One camp director’s perspective on the inclusion debate

by Noah Pawliger

I still recall stepping on the school bus the first day of first grade. I sat down next to a boy in the second row. Even at the tender age of six I somehow knew that you could only progress to the back of the bus with coolness and age!

My seatmate turned out to be my first friend at school. Twenty-six years later I am proud to say we are still pretty tight. My parents would question me when I told them about my companion. “Do you know that he is different from you in some ways?”

My response was something along the lines of, “Well, duh, he lives with his family in his house and I live with my family in mine!” They would ask if I had noticed that my friend wasn’t in any of my classes and did I think it was strange that I only saw him on the bus?

Well, no. I just knew that he was a nice and funny guy who happily scooted over when I climbed onto the bus. What I didn’t know was how rare it was to find such a loyal and easygoing friend.

He was my first real exposure to people with special needs. There wasn’t much to it – I just liked this sweet, uncomplicated guy. And I still do.

In later years I realized that my bus buddy helped open a door that led to lessons about unconditional love, overcoming challenges and appreciating wonder in everyday life.

Some may argue that without inclusion I would never have had the chance to identify an innate affinity for a population that would shape my perspective on life in fundamental ways.

I am days away from welcoming, G-d willing, the first special needs kids to Camp Living Wonders, a camp for Jewish kids with special needs, and the realization of a 20-year dream.

Unlike many fine camps, we (our board of advisors and my wife/business partner) and I have decided that, for the most part, our camp will not be “inclusive.” By that I refer to the practice of routinely integrating abled and differently abled kids into the same programming.

For years I worked in inclusion programs at camps and in recreation/sports settings, and in companionship programs. In 2007, I co-created and led a Taglit Birthright trip to Israel with Mayanot, a provider of Birthright trips, for young adults with special needs. We even saw two special needs participants get engaged and married from the third year! How’s that for Jewish continuity!?

From its second year, the trip incorporated volunteers without special needs. Why second year? We saw an opportunity for social growth of both participants and volunteers, because that’s where the growth was needed for that age group.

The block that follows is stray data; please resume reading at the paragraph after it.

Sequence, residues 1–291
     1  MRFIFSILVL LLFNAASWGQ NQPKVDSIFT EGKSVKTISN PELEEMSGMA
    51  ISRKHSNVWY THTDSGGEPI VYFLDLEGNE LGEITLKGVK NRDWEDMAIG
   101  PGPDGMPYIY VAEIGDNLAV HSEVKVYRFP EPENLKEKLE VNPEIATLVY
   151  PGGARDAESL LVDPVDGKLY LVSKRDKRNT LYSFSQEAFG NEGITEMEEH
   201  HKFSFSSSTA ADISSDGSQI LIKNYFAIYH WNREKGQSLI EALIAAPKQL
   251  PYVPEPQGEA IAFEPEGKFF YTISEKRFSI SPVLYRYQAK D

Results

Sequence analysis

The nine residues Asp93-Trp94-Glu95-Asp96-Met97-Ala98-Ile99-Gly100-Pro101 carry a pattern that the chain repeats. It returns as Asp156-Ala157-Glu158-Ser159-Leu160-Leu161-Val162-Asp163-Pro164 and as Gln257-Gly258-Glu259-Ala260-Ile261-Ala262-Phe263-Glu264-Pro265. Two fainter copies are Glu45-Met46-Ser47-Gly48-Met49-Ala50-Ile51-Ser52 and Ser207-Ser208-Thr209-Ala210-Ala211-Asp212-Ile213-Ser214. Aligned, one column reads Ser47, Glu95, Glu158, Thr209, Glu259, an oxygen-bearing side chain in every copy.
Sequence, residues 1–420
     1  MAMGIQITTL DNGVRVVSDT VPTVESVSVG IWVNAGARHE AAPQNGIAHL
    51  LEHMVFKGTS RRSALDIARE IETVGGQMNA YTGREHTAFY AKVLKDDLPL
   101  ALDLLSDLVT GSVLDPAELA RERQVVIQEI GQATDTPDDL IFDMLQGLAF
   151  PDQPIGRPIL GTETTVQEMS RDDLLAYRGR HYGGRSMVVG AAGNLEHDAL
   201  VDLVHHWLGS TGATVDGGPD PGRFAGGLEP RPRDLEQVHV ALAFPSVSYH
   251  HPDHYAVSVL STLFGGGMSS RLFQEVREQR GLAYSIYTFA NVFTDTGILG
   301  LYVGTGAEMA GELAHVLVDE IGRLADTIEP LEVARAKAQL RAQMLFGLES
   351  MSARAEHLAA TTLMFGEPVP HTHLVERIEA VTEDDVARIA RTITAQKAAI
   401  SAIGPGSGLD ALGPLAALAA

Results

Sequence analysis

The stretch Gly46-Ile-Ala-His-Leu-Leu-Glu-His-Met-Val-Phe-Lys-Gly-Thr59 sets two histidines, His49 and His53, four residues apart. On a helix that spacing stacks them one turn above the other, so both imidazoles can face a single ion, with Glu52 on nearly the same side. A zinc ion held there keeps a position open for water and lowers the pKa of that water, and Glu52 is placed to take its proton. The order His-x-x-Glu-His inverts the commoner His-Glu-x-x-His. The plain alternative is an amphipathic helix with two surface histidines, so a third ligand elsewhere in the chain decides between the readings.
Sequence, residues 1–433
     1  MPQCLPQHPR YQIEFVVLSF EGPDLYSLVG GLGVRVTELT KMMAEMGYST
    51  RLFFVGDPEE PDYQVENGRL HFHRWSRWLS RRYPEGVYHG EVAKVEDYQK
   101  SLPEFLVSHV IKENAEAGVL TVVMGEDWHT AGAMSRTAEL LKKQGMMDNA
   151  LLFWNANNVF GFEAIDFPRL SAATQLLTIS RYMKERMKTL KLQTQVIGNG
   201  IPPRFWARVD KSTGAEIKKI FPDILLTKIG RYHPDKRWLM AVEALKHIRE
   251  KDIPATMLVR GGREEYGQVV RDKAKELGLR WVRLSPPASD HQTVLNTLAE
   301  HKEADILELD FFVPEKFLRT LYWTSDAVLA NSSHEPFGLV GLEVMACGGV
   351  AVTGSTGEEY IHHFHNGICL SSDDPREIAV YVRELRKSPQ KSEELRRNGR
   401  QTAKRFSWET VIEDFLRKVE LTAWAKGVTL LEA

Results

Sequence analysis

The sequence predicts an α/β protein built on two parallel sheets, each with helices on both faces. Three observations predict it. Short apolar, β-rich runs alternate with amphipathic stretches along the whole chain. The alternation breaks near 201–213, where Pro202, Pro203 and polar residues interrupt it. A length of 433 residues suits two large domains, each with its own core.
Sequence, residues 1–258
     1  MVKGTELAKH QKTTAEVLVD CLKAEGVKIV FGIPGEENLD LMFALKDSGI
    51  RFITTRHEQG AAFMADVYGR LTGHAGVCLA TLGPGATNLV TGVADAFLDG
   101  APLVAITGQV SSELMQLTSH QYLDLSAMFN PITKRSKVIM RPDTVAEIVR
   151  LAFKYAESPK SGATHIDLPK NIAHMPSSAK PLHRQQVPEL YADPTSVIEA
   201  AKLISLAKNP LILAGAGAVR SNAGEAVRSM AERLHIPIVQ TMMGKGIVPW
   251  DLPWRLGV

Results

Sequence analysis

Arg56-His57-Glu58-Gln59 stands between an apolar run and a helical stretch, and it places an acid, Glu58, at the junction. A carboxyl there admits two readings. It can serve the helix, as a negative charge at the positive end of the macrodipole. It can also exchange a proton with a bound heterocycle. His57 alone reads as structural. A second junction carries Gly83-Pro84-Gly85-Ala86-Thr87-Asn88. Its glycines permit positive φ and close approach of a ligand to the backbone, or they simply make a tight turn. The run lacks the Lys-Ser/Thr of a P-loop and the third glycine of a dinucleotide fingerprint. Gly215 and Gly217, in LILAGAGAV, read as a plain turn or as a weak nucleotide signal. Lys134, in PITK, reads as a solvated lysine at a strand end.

These experiences solidified a conclusion that has become a foundational tenet of Camp Living Wonders – Inclusion is fantastic, when it is effective.

Here’s an example of why I believe what I believe. It was a hot July afternoon at the large Jewish summer camp where I was serving as Special Needs Unit Head. Our campers and a “typical” (non-special needs) unit were participating in a group initiative.

The dynamic between the two groups started out as “hesitant engagement” from many of the “typical” campers. There were delicate words of encouragement from them. But, not surprisingly, what followed was not smooth compliance with the rules of the activity.

Before long the encouragement turned to subtle annoyance. “Come on already, dude!” I heard one of the “typical” kids whisper… “I could have passed that tire in three seconds!”

Then a frustrated “typical” camper approached my special needs kid and pulled the tire over his shoulder in an effort to move the activity along. I saw sadness in my guy’s face as he shrugged and moved along.

What happened there?

Which camper grew and achieved that day? Hardcore inclusionists will argue that both did because they worked together and advanced in the challenge.

Parents of the non-disabled might argue that their children grew because their level of sensitivity was raised. Parents of children with special needs would identify a missed opportunity – one more occasion on which their kid’s opportunity for achievement was basically bypassed.

Although these are not new issues, the question of inclusivity in summer camps and Jewish summer camps in particular has been openly aired this summer among camp leaders and funders. It is a good and honest debate because it will ultimately benefit the kids – all of them.